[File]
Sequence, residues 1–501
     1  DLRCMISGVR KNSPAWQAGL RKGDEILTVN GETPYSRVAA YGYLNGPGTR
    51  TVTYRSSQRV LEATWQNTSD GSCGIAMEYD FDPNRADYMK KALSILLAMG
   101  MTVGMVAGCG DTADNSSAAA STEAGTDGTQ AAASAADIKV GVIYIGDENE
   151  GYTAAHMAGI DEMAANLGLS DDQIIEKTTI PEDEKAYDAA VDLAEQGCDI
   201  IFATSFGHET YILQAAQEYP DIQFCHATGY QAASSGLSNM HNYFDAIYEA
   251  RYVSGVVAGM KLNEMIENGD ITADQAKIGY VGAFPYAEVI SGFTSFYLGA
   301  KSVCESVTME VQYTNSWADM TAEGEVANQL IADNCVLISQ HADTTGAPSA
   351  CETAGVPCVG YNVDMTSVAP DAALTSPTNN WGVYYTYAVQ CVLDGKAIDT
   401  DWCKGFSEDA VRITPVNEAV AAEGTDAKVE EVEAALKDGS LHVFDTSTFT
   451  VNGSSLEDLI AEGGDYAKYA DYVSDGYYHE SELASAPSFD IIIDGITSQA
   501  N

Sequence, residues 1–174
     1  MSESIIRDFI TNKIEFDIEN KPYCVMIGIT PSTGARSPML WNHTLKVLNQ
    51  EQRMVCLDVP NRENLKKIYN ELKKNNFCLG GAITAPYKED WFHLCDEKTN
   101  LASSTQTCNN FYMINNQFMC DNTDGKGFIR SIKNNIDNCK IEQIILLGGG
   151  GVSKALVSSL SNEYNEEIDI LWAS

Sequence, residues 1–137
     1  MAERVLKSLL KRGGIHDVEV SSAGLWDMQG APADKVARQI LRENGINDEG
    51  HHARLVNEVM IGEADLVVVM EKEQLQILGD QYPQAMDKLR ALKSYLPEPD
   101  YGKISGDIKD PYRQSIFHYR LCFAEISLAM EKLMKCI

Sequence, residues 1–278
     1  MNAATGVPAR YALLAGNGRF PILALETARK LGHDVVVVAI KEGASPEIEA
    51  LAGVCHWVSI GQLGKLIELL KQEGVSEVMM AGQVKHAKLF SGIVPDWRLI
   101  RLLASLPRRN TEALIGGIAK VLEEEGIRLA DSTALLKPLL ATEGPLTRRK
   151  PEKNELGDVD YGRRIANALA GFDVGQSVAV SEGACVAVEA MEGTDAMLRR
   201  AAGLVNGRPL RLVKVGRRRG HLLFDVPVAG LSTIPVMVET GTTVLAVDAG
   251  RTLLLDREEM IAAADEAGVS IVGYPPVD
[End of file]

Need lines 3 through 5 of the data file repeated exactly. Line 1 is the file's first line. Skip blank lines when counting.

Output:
    51  TVTYRSSQRV LEATWQNTSD GSCGIAMEYD FDPNRADYMK KALSILLAMG
   101  MTVGMVAGCG DTADNSSAAA STEAGTDGTQ AAASAADIKV GVIYIGDENE
   151  GYTAAHMAGI DEMAANLGLS DDQIIEKTTI PEDEKAYDAA VDLAEQGCDI